_
_
Multijurisdictional Right to Counsel
_
Multijurisdictional Right to Counsel
Home - Multijurisdictional Right to Counsel About Us - Multijurisdictional Right to Counsel Membership - Multijurisdictional Right to Counsel Advocacy In Progress - Multijurisdictional Right to Counsel MJP Developments - Multijurisdictional Right to Counsel Contact Us - Multijurisdictional Right to Counsel Online Resources - Multijurisdictional Right to Counsel

NAACP Sue Pa. High Court For State Bar Access

The National Association for the Advancement of Multijurisdiction Practice, filed  on December 13, 2103, docket 2:13-cv-07382, in the U.S. District Court Eastern District of Pennsylvania against the Pennsylvania Supreme Court Chief Justice Ronald D. Castille and his associate justices. The suit alleges Pennsylvania is violating the constitutional rights of NAAMJP members, the constitutional rights of Pennsylvania citizens, and the constitutional rights of attorneys who are licensed in the dozen states that Pennsylvania does not have reciprocity with.

Complaint paragraph 1 states:

The injustice in this case can be understood by analogy.  Assume the owner of the Philadelphia Eagles wants to retain the best quarterback.  He chooses either San Francisco 49er Colin Kaepernick or Baltimore Raven Joe Flacco to be his quarterback, the representative face of his franchise.  Both quarterbacks are available free agents wanting to play for the Eagles.  In America — our pledge of allegiance is “one nation, under God, indivisible, with liberty and justice for all.”   Joe Flacco and Colin Kaepernick are free to play for the Eagles, or the Pittsburgh Steelers, or any other professional football team.   But if they are lawyers by profession, they cannot play or represent clients in the Keystone State under Pa. B.A.R. 204.  The sole reason they are denied the Privileges and Immunities of American citizenship is because they come from non-reciprocity states.  If lawyers Kaepernick and Flacco, however, are from 38 other states and the District of Columbia that Pennsylvania has reciprocity with, they can practice law in Pennsylvania.  But since they come from one of the 12 non-reciprocity states, and although they are admittedly otherwise qualified, they are deprived of their citizenship rights by Pa. B.A.R. 204, injuring them, and depriving Pennsylvania citizens of their professional services.

Plaintiffs assert Pa. B.A.R. 204 in practical effect is unlawful retaliation, arbitrary and irrational serving no legitimate state interest, archaic, and unconstitutional.

Plaintiffs argue Pa. B.A.R. 204 cannot even pass a rational basis standard of review because the classification between reciprocity and non-reciprocity states are expressly drawn for the purpose of disadvantaging the group burdened by the law.  Rule 204 has nothing what-so-ever to do with merit or competence.  The group burdened are the citizens and residents of the states that have not yet adopted the ABA’s recommendation for reciprocal admission on motion for all experienced attorneys.  The irrationality of the Rule is self-evident.  Plaintiff Richard Rosario was admitted by bar exam fresh out of law school in Maryland and Washington DC, at the same time. He was many years later denied Pennsylvania admission on motion solely on the ground that his Maryland (non-reciprocity state) practice garnered more revenue than his six-figured District of Columbia (reciprocal jurisdiction) practice.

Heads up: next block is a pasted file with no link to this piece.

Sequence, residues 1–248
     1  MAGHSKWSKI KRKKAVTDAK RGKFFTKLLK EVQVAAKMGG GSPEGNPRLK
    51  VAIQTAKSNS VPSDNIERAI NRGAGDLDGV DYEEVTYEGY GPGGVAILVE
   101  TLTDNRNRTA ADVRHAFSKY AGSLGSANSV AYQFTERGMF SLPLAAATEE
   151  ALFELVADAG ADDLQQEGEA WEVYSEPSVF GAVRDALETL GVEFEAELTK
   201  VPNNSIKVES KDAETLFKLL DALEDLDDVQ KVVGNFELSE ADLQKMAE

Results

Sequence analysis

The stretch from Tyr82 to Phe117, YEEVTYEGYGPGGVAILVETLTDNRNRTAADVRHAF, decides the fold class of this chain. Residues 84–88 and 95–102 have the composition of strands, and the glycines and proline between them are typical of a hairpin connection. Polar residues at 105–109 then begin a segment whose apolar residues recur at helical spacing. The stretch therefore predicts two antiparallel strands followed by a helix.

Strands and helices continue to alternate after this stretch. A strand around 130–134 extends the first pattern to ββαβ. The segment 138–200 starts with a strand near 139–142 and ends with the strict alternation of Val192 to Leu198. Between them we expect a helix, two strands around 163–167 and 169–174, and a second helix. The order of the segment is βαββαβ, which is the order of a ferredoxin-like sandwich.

Pa. B.A.R. 204 is further unconstitutional because the United States Supreme Court has squarely held bar admission on motion is a constitutionally protected privilege and immunity, and that discrimination against otherwise qualified attorneys on the basis of state residence or citizenship is unconstitutional.  Supreme Court of Virginia v. Friedman, 487 U.S. 59 (1998).  In Friedman, the Supreme Court rejected every justification Virginia proffered for its discrimination in bar admission on motion against out-of-state attorneys; including the Virginia Supreme Court argument that the attorney’s privilege and immunity to practice law was not abridged because Ms. Friedman could take an examination and, upon passing, she could gain the right to practice law. Id. at 67. The norm under the Privileges and Immunities Clause is comity, i.e. equal treatment. Id. at 64.   Pa. B.A.R. 204 obviously violates the norm. It has the practical effect of impeding interstate travel and handicapping the exercise of First Amendment rights — in order to retaliate against American citizen-lawyers who are residents and citizens from the disfavored states.

In this 21st Century it is our manifest destiny that lawyers and judges must free themselves of this petty tit-for-tat parochial practice.

Permanent Link: NAACP Sue Pa. High Court For State Bar Access



HOME | ABOUT US | MEMBERSHIP | ADVOCACY IN PROGRESS | MJP DEVELOPMENTS | CONTACT US | ONLINE RESOURCES

Copyright © National Association for the Advancement of Multijurisdiction Practice. All Rights Reserved.
MJP, Multijurisdiction Practice, Attorneys, Lawyers, Right to Travel, First Amendment Rights, Speech, Advocacy, Association, Access to Courts, Speaker Discrimination, Viewpoint Discrimination, 6th Amendment Right to Counsel, Interstate Commerce, Equal Rights, Due Process, Supremacy Clause. Serving the United States of America.
Website by Consultwebs.com, Inc. | Websites for Lawyers